* of particular cause for concern are inadequacies in the actual substantive hearing and decision-making;

    * even in detention procedure the court must conscientiously and carefully consider all evidence given. There are no rules of evidence in the procedure, and therefore evidence given by expert witness must be considered while taking into account the principle of the free judgement of evidence. We have found that in practice the court briefly questions the detained person but as a rule its decision only takes into account the opinion of the expert witness. The explanation of the resolution is often very inadequate and does not contain the facts required by law for admissible detention. The district court in Celje even makes use of pre-printed explanation forms. We have come across a similarly inadequate explanation to resolutions on detention issued by the District Court in Lenart and the District Court in Radovljica:

      ‘On the basis of the opinion of the expert witness of the court in relation to data from investigations and the questioning of the detained person it is considered that his illness is proved and that the resolution is therefore grounded.’

      Such an explanation says nothing about the existence of reasons which justify compulsory detention in an institution. Illness, or the fact that this has perhaps been proved, by no means fulfils the legal conditions for forced hospitalisation or detention. Detention is only admissible in cases where it is urgently necessary because of the mental illness or mental state of an individual that his freedom of movement is restricted or contacts with the outside world prevented because he represents a threat to his own life or the life of other people or is causing serious harm to himself and others.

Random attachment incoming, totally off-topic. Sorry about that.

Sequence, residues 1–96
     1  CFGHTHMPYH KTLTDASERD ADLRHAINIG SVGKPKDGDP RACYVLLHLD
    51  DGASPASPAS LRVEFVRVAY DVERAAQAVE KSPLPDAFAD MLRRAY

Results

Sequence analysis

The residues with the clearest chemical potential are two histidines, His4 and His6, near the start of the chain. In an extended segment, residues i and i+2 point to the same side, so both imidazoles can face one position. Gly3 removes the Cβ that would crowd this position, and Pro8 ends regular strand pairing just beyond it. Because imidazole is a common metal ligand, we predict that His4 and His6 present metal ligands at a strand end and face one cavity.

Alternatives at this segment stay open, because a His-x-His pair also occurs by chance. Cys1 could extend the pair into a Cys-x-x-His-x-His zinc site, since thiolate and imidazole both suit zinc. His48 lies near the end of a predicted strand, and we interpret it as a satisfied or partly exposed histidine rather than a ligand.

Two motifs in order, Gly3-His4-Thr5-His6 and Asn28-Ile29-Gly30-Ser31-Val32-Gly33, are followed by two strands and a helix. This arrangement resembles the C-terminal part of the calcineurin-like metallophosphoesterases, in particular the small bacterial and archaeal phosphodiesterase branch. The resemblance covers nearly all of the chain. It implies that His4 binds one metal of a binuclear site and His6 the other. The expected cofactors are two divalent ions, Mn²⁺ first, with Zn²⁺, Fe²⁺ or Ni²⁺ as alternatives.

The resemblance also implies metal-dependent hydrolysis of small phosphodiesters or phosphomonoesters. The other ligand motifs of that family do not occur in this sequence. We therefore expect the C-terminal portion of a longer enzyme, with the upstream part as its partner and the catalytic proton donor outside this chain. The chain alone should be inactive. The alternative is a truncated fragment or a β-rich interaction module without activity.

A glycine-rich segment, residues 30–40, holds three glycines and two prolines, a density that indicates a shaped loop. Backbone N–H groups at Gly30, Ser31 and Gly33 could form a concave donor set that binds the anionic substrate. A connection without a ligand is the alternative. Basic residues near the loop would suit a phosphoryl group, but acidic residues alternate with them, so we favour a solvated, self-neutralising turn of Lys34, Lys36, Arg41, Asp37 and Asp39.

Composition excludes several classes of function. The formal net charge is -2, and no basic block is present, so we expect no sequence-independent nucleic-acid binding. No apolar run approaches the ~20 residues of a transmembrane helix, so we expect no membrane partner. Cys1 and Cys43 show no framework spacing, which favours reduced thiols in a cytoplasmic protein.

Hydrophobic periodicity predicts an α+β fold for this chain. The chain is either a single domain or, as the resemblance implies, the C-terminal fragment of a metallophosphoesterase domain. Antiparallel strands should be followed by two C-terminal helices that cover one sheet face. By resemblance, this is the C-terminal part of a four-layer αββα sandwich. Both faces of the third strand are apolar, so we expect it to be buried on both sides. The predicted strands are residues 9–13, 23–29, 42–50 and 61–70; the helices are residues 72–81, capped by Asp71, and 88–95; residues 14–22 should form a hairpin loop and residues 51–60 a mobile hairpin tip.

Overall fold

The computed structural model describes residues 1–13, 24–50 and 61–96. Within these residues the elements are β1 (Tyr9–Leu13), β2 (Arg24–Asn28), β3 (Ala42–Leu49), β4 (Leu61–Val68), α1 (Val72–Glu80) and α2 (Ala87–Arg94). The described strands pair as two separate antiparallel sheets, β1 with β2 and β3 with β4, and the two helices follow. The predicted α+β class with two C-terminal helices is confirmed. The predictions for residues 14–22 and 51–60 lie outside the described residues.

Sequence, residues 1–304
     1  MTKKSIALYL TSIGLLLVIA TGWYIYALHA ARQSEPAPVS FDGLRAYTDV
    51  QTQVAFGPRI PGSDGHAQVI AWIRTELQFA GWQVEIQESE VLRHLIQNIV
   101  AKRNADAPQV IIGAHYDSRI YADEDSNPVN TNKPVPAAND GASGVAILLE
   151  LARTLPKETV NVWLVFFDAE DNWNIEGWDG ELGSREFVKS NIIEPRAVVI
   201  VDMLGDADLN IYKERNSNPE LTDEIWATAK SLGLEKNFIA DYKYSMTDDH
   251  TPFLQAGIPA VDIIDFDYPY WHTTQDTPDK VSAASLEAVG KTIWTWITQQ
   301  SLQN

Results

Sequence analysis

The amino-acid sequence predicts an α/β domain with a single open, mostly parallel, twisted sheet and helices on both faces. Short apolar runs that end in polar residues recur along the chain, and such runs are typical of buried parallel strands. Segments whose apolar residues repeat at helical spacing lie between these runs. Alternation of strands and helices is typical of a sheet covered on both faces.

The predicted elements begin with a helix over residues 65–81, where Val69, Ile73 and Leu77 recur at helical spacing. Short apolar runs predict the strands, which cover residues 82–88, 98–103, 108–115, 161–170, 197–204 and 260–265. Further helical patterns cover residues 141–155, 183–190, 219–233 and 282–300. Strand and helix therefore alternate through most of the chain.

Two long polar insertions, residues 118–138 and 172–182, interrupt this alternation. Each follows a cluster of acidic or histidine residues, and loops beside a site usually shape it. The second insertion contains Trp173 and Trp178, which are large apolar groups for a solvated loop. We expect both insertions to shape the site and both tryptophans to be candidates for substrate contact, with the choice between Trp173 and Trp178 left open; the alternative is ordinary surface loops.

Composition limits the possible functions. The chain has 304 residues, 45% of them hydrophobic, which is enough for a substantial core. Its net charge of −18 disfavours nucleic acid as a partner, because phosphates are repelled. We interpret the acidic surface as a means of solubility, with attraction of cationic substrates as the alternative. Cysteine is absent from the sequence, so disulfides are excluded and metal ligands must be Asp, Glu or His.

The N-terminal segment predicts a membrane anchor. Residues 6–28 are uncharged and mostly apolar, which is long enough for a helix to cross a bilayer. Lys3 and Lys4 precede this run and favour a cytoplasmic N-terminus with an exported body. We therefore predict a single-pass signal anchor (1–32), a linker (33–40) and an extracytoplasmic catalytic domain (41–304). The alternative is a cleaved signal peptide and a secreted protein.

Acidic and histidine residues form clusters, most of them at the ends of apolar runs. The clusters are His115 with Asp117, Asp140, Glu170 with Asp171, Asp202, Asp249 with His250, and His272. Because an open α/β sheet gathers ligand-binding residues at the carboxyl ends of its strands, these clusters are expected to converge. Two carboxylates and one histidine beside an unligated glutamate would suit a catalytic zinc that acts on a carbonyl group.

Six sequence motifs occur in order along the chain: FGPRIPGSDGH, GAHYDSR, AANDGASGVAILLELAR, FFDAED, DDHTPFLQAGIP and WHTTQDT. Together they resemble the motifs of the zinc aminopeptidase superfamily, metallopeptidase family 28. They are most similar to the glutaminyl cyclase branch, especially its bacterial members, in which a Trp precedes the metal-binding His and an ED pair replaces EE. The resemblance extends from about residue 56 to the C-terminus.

A resolution on detention with the type of explanation cited above is handicapped by an absolutely fundamental breach of the provisions of legal procedure, since it does not contain grounds relating to decisive facts and thus cannot be tested. Furthermore, it denies the right to a fair hearing and a just legal decision. An inadequate explanation of a court ruling by which such important human rights as the right to personal freedom and the right to voluntary treatment are decided on also means a breach of the constitutional right to legal remedy. If the appellant against a court ruling is not informed of the reasons for the decision he can neither appeal against it with regard to the content nor produce arguments against it. Such a hearing represents a clear deviation from the clear and completely fixed contents of Article 70 of the Law on Non-Contentious Procedure. It actually means a failure to respect valid legal norms and thus a breach of the constitutional provision which binds judges in the execution of their functions to the constitution and to law. Such inadequate decision-making in detention procedures does not serve to protect patients. As a result court supervision, which was the reason that the legislator prescribed the detention procedure in the first place, fails to serve its purpose.